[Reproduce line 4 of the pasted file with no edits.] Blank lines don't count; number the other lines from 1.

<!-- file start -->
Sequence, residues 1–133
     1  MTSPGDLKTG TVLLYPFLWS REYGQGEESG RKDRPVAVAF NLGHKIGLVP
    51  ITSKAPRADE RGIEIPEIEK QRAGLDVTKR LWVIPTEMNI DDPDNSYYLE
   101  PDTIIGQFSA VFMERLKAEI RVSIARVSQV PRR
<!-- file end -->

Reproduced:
   101  PDTIIGQFSA VFMERLKAEI RVSIARVSQV PRR